A smaller than expected addition of 120,000 jobs last month broke a pattern that was giving voters a growing sense of security and boosting President Obama as Republican Mitt Romney attacked his economic record.
The Labor Department reported Friday that employers added 120,000 jobs in March, after an increase of 227,000 the previous month. It was the fewest jobs added in five months. Unemployment fell to 8.2 percent, the lowest since January 2009, from 8.3 percent. But Friday's data showed unemployed workers left the labor force as Americans worked fewer hours and earned less on average per week.
"It's certainly disappointing," said Chris Rupkey, managing director and chief financial economist at Bank of Tokyo-Mitsubishi UFJ in New York. "The president looked on much firmer ground talking about recovery in the labor market and today it's a little shakier."
Even at the recent pace of creating more than 200,000 jobs a month, the nation was not expected to return to full employment for seven years, economists have said.
The disappointing March numbers prompted concern that the country could be in for a period where new hiring more closely matches the nation's tepid economic growth.
"After six months of robust job gains, a mediocre report in March may signal the start of slower improvements in the next six months," said Gary Burtless, a senior fellow at the Brookings Institution.
That would be bad news for Obama, who has seen his approval ratings buoyed in recent months as the unemployment rate has declined.
Speaking at a women's economic conference at the White House on Friday, Obama acknowledged that the economy is still struggling.
"It's clear to every American that there will still be ups and downs along the way, and that we've got a lot more work to do," he said.
With the still-shaky job market a pivotal issue in the presidential campaign, Romney used news of the weak employment report to criticize Obama's handling of the economy.
"This is a weak and very troubling jobs report that shows the employment market remains stagnant," Romney said in a statement. "Millions of Americans are paying a high price for President Obama's economic policies, and more and more people are growing so discouraged that they are dropping out of the labor force altogether."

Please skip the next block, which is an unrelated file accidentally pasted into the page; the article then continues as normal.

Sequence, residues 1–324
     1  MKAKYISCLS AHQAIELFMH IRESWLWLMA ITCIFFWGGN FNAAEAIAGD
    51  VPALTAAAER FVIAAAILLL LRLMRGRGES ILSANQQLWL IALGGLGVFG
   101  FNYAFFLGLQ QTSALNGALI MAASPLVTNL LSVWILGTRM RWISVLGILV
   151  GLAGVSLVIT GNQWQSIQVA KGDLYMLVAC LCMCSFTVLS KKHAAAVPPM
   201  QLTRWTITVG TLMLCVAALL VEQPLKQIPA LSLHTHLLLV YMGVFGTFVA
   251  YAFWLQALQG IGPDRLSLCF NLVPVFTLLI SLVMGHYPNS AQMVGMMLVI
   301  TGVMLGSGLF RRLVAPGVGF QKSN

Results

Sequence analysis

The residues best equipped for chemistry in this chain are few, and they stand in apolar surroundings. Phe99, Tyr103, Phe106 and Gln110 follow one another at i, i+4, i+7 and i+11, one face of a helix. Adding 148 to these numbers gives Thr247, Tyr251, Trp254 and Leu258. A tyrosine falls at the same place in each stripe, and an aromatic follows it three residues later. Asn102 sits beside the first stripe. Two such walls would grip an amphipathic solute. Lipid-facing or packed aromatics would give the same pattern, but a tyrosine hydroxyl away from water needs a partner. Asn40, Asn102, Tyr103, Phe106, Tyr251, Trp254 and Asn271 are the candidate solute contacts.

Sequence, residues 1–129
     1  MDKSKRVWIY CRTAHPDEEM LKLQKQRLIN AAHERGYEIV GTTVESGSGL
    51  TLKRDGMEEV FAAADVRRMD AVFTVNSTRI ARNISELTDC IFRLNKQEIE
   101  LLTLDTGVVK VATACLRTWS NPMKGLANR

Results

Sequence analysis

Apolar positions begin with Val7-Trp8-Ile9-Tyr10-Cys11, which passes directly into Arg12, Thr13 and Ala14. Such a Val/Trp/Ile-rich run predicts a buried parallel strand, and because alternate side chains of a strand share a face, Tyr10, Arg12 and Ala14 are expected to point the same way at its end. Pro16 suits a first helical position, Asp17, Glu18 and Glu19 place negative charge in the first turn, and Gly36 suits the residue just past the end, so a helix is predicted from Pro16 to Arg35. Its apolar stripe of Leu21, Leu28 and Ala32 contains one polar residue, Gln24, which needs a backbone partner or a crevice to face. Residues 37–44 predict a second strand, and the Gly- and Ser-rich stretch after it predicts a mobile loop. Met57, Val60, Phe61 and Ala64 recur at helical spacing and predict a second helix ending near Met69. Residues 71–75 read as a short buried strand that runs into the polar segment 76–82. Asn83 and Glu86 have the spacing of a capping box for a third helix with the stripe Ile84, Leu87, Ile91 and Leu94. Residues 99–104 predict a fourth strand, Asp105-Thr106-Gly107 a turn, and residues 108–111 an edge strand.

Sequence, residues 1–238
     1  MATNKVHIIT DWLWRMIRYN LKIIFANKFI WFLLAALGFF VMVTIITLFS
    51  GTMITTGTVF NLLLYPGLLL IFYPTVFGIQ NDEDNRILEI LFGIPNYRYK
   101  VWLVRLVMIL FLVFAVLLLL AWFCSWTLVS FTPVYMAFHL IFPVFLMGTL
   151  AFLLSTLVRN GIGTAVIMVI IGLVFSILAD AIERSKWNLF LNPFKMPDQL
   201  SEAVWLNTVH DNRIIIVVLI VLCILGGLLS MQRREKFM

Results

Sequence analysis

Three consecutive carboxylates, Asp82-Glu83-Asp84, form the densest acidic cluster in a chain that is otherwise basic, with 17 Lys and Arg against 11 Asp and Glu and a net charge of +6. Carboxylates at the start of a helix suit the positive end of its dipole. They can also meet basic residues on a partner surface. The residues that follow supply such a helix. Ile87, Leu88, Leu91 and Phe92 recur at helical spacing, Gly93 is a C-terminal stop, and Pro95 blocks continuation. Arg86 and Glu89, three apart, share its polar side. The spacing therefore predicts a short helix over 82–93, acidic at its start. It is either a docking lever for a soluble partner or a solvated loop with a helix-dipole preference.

Even before the jobs report, the president earlier this week delivered the message that the economy was still not strong and won't be before the November election.
"Whoever he may be, the next president will inherit an economy that is recovering, but not yet recovered from the worst economic calamity since the Great Depression," Obama said in a Tuesday address to newspaper editors.
"Too many Americans will still be looking for a job that pays enough to cover their bills or their mortgage," he said. "Too many citizens will still lack the sort of financial security that started slipping away years before this recession hit."
Obama's presidential rivals have criticized Obama's stewardship of the economy, which has played a leading role in the Republican debates. The Republicans haven't swerved from the main theme that the unemployment rate remains too high.
The economy has been central to Romney's presidential campaign, as he continues to criticize the Obama administration for failing to pull the country out of the recession more quickly.
"He points out that he did not cause the recession, and that's true," the Republican front-runner said at an event in Milwaukee on Monday. "But he's the one we looked to to end the recession and to lead a recovery, and he didn't."
Since World War II, no president has won re-election with a jobless rate above 6 percent, with the exception of Ronald Reagan, who faced 7.2 percent unemployment on Election Day in 1984.
Romney said Obama's policies have "prolonged the recession, made it deeper and made it harder for us to come out of it. His economic strategy was a bust."